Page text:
Ever dream of working in aviation or becoming a pilot with type 1 diabetes, but think maybe it's not possible?
Today we're thrilled to introduce Angela Lautner, a longtime type 1 in Kentucky who's bucking that trend; she holds a private pilot's license and works in the aviation industry, meaning she has insider knowledge about navigating the skies with diabetes both personally and professionally.
We've reported in the past on how the United States is behind many other countries that allow T1's to hold a commercial pilot's license. A federal lawsuit continues pushing for this certification for American pilots with diabetes, but it remains prohibited for now.
Here's what Angela has to say about that roadblock, and how she manages her own diabetes while being able to pilot smaller private planes...
On Aviation Careers and Becoming a Pilot with T1D, by Angela Lautner
For as long as I can remember, I have always looked up to the sky with wonder and joy. It might have been a quick glance at an airplane moving overhead, or stopping everything to happily watch as a rocket launched into space.
For those of us who have our hearts in the sky, we know that there is nothing like the joy we feel when an aircraft finally tells gravity to take a hike, the tires slowly depart the runway, and flight becomes a reality.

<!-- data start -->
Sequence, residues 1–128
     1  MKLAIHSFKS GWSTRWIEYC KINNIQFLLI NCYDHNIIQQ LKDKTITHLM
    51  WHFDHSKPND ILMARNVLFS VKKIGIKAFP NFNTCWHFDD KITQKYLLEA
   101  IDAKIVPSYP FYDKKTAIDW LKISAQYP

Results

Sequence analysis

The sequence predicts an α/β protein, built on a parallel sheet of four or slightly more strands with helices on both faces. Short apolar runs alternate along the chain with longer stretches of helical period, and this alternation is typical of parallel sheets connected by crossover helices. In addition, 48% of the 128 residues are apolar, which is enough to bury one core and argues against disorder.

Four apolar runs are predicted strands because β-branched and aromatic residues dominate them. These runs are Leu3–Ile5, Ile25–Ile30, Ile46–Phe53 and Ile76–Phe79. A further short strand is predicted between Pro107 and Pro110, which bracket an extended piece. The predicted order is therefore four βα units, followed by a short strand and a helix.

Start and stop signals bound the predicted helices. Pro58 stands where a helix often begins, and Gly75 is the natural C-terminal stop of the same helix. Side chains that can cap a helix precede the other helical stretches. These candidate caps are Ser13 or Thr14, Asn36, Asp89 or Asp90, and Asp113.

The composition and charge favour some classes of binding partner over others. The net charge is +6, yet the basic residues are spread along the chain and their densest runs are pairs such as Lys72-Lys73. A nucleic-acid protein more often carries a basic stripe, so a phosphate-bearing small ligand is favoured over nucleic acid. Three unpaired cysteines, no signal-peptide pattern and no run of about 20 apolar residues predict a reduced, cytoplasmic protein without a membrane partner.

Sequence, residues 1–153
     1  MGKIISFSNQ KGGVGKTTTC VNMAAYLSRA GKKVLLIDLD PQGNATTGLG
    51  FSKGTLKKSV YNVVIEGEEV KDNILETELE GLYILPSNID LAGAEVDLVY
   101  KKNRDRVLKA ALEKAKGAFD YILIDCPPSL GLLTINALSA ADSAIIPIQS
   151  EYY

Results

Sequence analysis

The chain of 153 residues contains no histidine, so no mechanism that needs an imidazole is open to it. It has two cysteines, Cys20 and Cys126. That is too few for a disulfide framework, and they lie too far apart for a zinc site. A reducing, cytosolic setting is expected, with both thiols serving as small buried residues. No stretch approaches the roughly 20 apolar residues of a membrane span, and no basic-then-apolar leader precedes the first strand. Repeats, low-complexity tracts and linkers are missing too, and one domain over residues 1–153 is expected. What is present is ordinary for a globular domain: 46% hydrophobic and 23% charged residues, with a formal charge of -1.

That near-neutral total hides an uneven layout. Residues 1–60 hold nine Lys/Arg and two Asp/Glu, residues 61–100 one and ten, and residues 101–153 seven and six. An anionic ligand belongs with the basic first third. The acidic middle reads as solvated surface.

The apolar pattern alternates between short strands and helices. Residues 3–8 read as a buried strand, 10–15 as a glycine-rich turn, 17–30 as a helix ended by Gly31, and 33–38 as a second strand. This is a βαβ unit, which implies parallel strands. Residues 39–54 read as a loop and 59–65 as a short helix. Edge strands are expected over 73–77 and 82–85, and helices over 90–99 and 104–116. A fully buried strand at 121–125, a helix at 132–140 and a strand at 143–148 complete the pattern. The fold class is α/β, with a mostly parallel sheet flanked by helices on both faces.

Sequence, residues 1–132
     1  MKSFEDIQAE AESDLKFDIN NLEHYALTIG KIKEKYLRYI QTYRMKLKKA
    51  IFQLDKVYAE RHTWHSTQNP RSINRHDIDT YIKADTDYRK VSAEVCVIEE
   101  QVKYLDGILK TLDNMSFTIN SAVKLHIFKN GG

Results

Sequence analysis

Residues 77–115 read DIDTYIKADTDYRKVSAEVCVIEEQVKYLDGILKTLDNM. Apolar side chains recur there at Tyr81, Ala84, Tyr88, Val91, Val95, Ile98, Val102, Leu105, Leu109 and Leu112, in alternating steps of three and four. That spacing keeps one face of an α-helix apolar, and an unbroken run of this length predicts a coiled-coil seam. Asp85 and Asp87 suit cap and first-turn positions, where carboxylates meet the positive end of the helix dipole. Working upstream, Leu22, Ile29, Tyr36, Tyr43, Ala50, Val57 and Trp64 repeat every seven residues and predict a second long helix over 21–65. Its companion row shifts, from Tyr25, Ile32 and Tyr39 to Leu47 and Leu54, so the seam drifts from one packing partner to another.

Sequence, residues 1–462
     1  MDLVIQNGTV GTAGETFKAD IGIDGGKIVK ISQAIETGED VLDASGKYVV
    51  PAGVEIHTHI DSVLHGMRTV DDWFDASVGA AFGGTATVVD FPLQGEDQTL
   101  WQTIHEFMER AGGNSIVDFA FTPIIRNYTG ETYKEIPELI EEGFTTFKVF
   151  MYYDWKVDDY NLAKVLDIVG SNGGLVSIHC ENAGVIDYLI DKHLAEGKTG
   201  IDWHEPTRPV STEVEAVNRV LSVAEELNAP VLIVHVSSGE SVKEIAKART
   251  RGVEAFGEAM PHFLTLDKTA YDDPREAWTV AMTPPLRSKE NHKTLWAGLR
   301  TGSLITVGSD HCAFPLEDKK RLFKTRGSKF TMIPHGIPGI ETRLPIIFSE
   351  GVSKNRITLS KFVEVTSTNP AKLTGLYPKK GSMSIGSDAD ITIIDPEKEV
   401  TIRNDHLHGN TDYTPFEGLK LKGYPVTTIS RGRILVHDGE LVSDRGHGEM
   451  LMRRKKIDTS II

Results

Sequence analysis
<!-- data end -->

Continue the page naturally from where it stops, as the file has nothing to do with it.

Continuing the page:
Becoming a pilot was all I ever wanted to do.
In the Summer of 2000, when I was a young lady in my early 20’s and an aspiring commercial airline pilot, I was working my way through flight training as a private pilot to begin my journey to the flight deck of an airliner. At that time, I worked full-time as a baggage handler and customer service agent for an airline as a way to surround myself with like-minded individuals who were all passionate about one thing: airplanes.
Then, diabetes entered the picture.
I had just returned from Memphis where I had finished a temporary duty assignment of short-term staffing for ground support operations at the airline’s hub. During this two-week assignment, I'd lost a lot of weight, noticed a significant increase in the amount of water I had to consume, and was simply fatigued. Within 48 hours of returning home, I was so weak and ill that I couldn’t leave my home. I knew that something was terribly wrong, but had no idea that I was about to be diagnosed with something that was going to forever change the path of my life.